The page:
Comparison of prefrontal atrophy and episodic memory performance in dysexecutive Alzheimer's disease and behavioral-variant frontotemporal dementia

Stephanie Wong, Maxime Bertoux, Greg Savage, John R. Hodges, Olivier Piguet, Michael Hornberger*

*Corresponding author for this work

Research output: Contribution to journalArticle

16 Citations (Scopus)

Abstract

Alzheimer's disease (AD) sometimes presents with prominent executive dysfunction and associated prefrontal cortex atrophy. The impact of such executive deficits on episodic memory performance as well as their neural correlates in AD, however, remains unclear. The aim of the current study was to investigate episodic memory and brain atrophy in AD patients with relatively spared executive functioning (SEF-AD; n = 12) and AD patients with relatively impaired executive functioning (IEF-AD; n = 23). We also compared the AD subgroups with a group of behavioral-variant frontotemporal dementia patients (bvFTD; n = 22), who typically exhibit significant executive deficits, and age-matched healthy controls (n = 38). On cognitive testing, the three patient groups showed comparable memory profiles on standard episodic memory tests, with significant impairment relative to controls. Voxel-based morphometry analyses revealed extensive prefrontal and medial temporal lobe atrophy in IEF-AD and bvFTD, whereas thiswas limited to the middle frontal gyrus and hippocampus in SEF-AD. Moreover, the additional prefrontal atrophy in IEF-AD and bvFTD correlated with memory performance, whereas this was not the case for SEF-AD. These findings indicate that IEF-AD patients show prefrontal atrophy in regions similar to bvFTD, and suggest that this contributes to episodic memory performance. This has implications for the differential diagnosis of bvFTD and subtypes of AD.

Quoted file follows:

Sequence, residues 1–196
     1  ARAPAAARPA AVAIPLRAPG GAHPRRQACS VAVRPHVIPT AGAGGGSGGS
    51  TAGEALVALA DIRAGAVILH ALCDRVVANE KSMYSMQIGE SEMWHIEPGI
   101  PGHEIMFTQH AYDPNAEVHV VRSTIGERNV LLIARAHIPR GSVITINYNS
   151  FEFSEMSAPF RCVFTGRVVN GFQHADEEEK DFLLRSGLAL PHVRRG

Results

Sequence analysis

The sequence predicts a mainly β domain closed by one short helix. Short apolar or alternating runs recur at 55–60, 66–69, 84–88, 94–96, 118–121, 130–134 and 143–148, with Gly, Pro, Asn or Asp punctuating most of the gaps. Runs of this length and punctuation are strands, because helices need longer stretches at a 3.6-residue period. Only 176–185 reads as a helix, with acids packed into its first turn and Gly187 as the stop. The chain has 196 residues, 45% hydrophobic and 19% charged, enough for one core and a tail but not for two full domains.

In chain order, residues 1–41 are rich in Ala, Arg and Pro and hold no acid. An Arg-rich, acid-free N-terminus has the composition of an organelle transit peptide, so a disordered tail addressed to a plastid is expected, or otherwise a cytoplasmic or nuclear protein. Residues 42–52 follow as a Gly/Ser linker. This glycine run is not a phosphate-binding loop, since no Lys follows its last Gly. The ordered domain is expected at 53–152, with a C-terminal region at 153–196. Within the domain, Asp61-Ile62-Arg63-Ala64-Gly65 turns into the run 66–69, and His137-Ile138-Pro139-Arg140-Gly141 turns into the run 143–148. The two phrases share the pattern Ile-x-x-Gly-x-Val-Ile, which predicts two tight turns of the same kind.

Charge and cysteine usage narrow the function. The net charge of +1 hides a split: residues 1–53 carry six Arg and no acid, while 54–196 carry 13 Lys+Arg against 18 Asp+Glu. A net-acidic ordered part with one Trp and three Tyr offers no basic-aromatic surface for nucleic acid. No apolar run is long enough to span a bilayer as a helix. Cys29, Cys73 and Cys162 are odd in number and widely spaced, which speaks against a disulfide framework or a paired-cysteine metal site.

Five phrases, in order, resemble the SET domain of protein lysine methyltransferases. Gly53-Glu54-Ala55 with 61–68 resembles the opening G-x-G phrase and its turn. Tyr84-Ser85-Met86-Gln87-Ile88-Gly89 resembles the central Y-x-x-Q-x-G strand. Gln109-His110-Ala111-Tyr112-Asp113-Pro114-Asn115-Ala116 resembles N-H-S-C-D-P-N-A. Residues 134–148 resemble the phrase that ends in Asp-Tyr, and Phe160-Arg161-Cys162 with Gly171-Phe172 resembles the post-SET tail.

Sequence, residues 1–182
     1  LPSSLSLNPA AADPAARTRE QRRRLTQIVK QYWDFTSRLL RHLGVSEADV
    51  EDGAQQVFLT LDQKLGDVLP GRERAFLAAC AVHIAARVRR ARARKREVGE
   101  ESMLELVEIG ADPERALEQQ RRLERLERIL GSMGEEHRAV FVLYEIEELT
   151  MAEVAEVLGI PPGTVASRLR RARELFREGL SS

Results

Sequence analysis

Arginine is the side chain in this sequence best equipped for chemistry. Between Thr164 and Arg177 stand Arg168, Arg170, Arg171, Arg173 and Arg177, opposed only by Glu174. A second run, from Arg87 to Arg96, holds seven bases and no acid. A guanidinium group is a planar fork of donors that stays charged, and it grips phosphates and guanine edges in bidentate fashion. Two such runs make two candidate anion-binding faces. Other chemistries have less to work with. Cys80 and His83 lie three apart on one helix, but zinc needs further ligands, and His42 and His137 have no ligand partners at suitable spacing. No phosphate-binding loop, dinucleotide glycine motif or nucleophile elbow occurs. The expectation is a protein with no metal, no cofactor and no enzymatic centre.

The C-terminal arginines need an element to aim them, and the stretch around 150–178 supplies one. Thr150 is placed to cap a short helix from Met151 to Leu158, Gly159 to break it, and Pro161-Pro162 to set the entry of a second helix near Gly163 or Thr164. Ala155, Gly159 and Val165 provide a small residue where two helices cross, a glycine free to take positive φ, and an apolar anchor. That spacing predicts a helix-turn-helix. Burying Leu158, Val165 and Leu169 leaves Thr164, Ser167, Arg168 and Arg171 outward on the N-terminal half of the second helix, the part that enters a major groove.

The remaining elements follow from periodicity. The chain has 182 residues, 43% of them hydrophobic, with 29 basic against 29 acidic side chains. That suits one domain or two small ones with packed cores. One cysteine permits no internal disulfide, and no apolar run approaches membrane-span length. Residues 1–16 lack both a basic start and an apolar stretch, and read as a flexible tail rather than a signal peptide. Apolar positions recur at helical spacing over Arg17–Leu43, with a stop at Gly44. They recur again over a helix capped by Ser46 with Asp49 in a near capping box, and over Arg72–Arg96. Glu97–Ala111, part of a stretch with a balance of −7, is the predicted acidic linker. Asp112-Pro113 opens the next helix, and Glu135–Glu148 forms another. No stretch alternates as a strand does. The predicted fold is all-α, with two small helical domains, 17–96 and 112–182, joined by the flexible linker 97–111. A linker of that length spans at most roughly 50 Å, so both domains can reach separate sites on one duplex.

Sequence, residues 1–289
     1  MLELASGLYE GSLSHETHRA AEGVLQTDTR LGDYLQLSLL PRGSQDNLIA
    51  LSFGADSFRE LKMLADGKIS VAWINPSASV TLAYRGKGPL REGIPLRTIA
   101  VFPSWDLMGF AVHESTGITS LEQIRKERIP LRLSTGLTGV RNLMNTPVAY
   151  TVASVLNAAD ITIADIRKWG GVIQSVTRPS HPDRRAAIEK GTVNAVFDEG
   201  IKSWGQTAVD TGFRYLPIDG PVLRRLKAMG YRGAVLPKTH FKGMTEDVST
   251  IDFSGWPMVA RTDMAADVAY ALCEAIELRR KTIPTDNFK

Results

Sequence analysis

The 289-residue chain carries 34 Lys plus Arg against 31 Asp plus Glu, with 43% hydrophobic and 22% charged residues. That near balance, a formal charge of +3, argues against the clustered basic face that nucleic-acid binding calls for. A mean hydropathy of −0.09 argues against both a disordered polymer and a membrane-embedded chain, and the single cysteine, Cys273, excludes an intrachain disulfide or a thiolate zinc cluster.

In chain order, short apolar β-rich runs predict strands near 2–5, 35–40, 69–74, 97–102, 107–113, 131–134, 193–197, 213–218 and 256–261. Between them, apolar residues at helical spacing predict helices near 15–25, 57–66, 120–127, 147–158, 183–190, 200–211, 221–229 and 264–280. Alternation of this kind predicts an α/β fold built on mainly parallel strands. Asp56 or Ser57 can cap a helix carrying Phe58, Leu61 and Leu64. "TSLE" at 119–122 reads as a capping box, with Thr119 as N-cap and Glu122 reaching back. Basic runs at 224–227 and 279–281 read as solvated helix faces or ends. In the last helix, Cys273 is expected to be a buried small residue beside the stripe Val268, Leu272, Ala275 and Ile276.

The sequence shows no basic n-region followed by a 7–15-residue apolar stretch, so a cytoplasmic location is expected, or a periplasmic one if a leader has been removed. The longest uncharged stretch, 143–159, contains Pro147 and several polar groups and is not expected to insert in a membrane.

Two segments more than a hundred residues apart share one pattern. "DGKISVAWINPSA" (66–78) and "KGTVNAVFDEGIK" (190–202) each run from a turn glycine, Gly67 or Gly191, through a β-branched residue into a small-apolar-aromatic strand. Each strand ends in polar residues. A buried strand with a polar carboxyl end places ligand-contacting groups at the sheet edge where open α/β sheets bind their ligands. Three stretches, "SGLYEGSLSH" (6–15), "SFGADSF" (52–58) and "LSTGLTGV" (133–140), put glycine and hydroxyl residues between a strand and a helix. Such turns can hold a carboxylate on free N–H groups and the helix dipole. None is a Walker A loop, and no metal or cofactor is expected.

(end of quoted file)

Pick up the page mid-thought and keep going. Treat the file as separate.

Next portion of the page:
Original languageEnglish
Pages (from-to)889-903
Number of pages15
JournalJournal of Alzheimer's Disease
Volume51
Issue number3
DOIs
Publication statusPublished - 30 Mar 2016

Keywords

  • Alzheimer's disease
  • executive function
  • frontotemporal dementia
  • memory
  • neuropsychology
  • prefrontal cortex

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